My rating: 1 of 5 stars
There are two ways to look at The Alchemist: as a work of literature and as a moral fable. Unfortunately, and despite its astonishing popularity, it doesn't score well on either count.
I won't bore you with the plot details, but in a nutshell: Santiago the Spanish shepherd boy leaves his known life behind to search for his "Personal Legend" in the deserts of north Africa. En route he encounters various characters, such as the titular Alchemist, who help him on his way, if a rambling series of cliches masquerading as philosophical wisdom can be considered helpful.
As a work of literature, it's trite, redundant and its dramatic elements are very weak. Instead of a protagonist who must grow, change, learn or overcome obstacles to achieve a goal we have one who knows, or is given, the answer to every dilemma as soon as it's posed, and who is basically led by the nose directly to his target by no less an authority than God himself, thinly disguised as "the Universe". No dramatic tension is allowed to linger for more than half a page before being forcibly resolved.
The Alchemist has been compared to The Little Prince. But whereas the latter's simplicity is charming, the former's is merely infantilizing. In Saint-Exupéry's incomparably superior novella the lessons are hard-earned. In The Alchemist, they are spoon-fed to the characters and to the reader in the manner of a church sermon, using mystical psychobabble terms like "The Soul of the World", "Master Work", and of course "Personal Legend".
This patronizingly religious aspect of The Alchemist illustrates its even more comprehensive failure, that as a moral fable. The Little Prince draws its broadly-sketched caricatures with charm and empathy: we are supposed to learn from the king, the lamplighter and so on, but we are not supposed to despise them. The Alchemist, however, can scarcely contain its disdain for those who don't drop everything to follow their so-called Personal Legend.
As an example, I give you this insidious passage:
The old man pointed to a baker standing in his shop window at one corner of the plaza. “When he was a child, that man wanted to travel, too. But he decided first to buy his bakery and put some money aside. When he’s an old man, he’s going to spend a month in Africa. He never realized that people are capable, at any time in their lives, of doing what they dream of.”
“He should have decided to become a shepherd,” the boy said.
“Well, he thought about that,” the old man said. “But bakers are more important people than shepherds. Bakers have homes, while shepherds sleep out in the open. Parents would rather see their children marry bakers than shepherds.” “In the long run, what people think about shepherds and bakers becomes more important for them than their own Personal Legends.”
Get it? A hardworking man who puts bread on people's plates and supports his own family with dignity, is now worthy of nothing but pity and disdain because he didn't follow a childhood dream.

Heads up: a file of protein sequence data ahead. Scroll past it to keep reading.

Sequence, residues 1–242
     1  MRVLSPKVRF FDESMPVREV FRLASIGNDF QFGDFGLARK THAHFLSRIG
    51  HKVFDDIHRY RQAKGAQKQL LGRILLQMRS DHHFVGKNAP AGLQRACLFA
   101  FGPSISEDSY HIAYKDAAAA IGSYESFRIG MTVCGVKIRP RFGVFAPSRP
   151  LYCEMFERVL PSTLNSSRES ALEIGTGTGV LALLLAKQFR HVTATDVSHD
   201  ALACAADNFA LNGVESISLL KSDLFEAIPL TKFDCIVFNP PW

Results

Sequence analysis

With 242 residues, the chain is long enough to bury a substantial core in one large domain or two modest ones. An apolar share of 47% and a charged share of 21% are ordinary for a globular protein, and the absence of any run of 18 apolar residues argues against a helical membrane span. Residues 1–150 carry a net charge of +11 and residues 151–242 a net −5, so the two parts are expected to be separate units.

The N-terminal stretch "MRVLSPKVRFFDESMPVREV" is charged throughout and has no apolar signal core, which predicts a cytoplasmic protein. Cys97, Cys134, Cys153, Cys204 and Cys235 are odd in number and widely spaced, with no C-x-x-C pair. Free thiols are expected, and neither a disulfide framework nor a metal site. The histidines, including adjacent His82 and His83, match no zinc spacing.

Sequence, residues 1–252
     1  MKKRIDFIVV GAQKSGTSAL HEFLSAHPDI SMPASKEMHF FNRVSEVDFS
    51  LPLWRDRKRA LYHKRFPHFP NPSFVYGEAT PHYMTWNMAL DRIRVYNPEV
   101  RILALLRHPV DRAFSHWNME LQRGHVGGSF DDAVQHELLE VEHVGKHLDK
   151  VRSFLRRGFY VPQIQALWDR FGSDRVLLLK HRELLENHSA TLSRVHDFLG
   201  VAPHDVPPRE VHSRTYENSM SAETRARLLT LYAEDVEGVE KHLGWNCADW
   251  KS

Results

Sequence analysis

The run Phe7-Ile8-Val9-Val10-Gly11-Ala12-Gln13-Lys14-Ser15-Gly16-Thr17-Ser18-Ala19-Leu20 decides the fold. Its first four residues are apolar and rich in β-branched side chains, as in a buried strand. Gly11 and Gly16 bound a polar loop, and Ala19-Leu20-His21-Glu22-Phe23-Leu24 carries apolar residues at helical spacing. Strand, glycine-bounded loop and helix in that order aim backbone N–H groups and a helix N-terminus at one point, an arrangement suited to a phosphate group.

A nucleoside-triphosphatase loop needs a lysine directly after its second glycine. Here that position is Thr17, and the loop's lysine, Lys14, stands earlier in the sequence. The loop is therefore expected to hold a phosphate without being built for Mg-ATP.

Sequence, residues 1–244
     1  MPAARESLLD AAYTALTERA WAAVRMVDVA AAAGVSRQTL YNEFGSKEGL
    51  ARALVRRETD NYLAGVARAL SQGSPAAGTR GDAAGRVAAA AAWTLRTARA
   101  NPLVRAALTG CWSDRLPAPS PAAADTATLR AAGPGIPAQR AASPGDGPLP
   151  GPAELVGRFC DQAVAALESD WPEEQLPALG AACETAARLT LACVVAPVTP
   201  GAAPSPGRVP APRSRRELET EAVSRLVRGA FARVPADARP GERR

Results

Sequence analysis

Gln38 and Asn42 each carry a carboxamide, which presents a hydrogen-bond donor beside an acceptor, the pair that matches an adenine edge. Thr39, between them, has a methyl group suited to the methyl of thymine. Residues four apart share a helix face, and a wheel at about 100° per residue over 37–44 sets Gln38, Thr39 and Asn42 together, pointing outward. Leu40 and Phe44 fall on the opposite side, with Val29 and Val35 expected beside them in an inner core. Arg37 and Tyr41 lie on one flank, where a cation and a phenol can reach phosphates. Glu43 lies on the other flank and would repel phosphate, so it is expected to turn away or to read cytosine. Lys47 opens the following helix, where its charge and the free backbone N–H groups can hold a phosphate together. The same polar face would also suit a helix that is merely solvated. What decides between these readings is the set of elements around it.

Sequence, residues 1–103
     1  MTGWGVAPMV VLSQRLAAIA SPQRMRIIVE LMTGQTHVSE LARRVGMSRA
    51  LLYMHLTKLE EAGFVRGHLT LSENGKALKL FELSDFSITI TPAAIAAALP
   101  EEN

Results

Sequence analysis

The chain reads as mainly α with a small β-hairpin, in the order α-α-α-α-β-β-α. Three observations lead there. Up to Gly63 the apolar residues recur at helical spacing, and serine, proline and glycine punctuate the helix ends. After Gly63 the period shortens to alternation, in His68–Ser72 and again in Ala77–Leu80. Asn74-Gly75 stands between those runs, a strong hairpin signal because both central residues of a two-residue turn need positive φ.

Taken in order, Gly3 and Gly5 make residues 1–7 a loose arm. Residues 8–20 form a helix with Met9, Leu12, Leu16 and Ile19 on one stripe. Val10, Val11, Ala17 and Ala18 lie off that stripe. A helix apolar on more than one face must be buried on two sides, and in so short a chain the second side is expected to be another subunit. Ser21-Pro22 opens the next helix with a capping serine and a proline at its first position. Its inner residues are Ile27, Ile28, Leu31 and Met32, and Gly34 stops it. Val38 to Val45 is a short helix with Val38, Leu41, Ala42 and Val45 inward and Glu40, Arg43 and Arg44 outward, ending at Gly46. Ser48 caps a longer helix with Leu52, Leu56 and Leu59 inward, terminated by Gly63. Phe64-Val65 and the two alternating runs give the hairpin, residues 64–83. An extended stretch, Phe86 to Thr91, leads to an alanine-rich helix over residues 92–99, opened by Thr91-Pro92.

And then there's this brazen claim:
"Everyone believes the world's greatest lie..." says the mysterious old man.
"What is the world's greatest lie?" the little boy asks.
The old man replies, "It's this: that at a certain point in our lives, we lose control of what's happening to us, and our lives become controlled by fate. That's the world's greatest lie."
Coelho fails to acknowledge that this pursuit of "Personal Legend" is a plaything of the privileged few. How does a 14 year old boy living hand-to-mouth in an Indonesian sweatshop follow his dream? How does he even articulate one? In what way can a rape survivor in a Darfur refugee camp, follow her "Personal Legend"? Her "Legend" is not to travel or find treasure. It is to have her dead family back. It's to undo her terrible violation. It is, in short, tragic and impossible.
The lives of most of humanity, are to a great degree controlled by fate. Their life is a struggle to survive. The real universe does not conspire to help people achieve their legend. Rather, it throws insurmountable obstacles across their paths. Yet Coelho is telling every downtrodden person in the world that their plight is due to their own spiritual failure, and that to see the world as it is, without the rose-tinted spectacles of empty truisms, is "the world's greatest lie". The Alchemist sneers with the certainty of a true believer at those whose priorities are hardscrabble rather than mystical. It is the well-known condescension of the religious absolutist to the unbeliever: I am right, and you are unworthy.
There is much to criticize, also, in The Alchemist's blatant sexism, where men are supposed to drop everything in search of their dreams, while abandoned women are supposed to feel privileged to pine for such men. And if you're expecting the treasure that the shepherd boy eventually finds to be metaphorical, prepare for disappointment. Turns out, it was all about money.
In the end, The Alchemist is morally deficient nearly to the point of outright evil. Stripped of the mystical mumbo jumbo, The Alchemist is almost Ayn Randian in the selfishness of its absolute commandment: follow your own personal destiny, whatever it is, whatever the cost to you or to others. Although, in a way, it's actually more slavish than selfish. At least in Ayn Rand's world, you master your destiny. In Coelho's world of religious prostration, your destiny masters you.
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